In the last month, both presidential candidates have stated they wish to send more troops to Afghanistan. Unfortunately, neither candidate has stated what he sees as the United States’ strategic interests in Afghanistan. Even more dangerous, neither candidate has expressed a strategic framework for the region. … Even worse, to date, the candidates are discussing only Afghanistan without mentioning Pakistan or India. Yet both these Southwest Asian nations are much more critical to the United States future than Afghanistan. Neither candidate has questioned the wisdom of bombing, and likely destabilizing Pakistan, a nuclear-armed nation of almost 170 million people, in order to help our security efforts in Afghanistan. …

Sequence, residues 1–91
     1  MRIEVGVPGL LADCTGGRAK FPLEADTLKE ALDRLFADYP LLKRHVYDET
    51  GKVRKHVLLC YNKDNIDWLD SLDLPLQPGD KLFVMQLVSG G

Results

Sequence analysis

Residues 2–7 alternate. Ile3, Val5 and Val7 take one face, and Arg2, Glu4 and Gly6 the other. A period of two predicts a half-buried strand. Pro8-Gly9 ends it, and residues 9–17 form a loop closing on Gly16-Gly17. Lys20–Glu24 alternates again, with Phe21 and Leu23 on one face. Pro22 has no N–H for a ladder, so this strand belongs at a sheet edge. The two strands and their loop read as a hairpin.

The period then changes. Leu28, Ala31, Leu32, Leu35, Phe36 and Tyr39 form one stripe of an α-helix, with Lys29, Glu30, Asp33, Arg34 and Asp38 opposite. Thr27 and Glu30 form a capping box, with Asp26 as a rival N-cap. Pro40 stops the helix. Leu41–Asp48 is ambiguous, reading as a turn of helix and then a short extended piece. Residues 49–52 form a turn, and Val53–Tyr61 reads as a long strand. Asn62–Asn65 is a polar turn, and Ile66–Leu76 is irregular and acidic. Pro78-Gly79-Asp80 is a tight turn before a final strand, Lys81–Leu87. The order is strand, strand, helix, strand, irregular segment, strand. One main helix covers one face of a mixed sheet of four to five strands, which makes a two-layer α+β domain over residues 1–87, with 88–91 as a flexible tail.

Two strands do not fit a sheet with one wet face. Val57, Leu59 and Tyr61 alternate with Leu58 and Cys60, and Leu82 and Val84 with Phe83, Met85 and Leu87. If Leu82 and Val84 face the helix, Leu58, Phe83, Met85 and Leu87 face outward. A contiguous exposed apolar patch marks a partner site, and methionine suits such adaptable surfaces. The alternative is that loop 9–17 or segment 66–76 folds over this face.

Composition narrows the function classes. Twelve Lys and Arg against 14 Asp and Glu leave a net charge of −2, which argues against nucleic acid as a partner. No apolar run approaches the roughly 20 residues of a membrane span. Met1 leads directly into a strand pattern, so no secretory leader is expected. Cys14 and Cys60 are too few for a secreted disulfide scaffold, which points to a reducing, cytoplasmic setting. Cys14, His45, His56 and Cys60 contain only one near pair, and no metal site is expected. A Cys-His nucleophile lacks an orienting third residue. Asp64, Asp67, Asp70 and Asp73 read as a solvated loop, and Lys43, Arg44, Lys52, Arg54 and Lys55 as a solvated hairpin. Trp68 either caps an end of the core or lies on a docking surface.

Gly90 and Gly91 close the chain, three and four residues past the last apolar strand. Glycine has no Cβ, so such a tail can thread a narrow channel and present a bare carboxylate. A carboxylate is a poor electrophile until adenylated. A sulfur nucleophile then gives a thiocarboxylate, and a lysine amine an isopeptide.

And then there’s the question of opium. If there’s any place on earth where the War on Terror intersects with the War on Drugs (with the possible exception of FARC in Latin America) it is Afghanistan. Opium is one of the largest sources of income of the Taliban. Douglas Farah at the Counterterrorism Blog writes: “Adm. Michael Mullen, chairman of the joint chiefs of staff, has sounded the alarm on Afghanistan, correctly pointing out that the danger of losing there is real and the hour is late. … What is striking about the published reports of Mullen and Defense Secretary Gates is the absence of any discussion of one of the driving forces of the Taliban’s mounting success: its access to tens of millions of dollars in opium and poppy money. The UN conservatively estimates the Taliban makes between $50 million and $70 million a year from the drug trade. Talk about ignoring the elephant in the room! Here is the prototype of future terrorist and insurgent movements deriving its income from non-state sources, and combating that figures into the policy at best in a marginal way.” Ever since 1979, opium has been the treasury of Afghanistan’s periphery in its revolt against central government. “Drug traffickers have a symbiotic relationship with insurgents and terrorist groups such as the Taliban and al-Qaeda. Instability makes opium cultivation possible; opium buys protection and pays for weapons and foot soldiers, and these in turn create an environment in which drug lords, insurgents and terrorists can operate with impunity.” The only alternative to the opium trade is the economic development of Afghanistan.  That will take decades and depends in part on normalizing relationships with Iran, which provides the only other road, besides Pakistan, to the sea.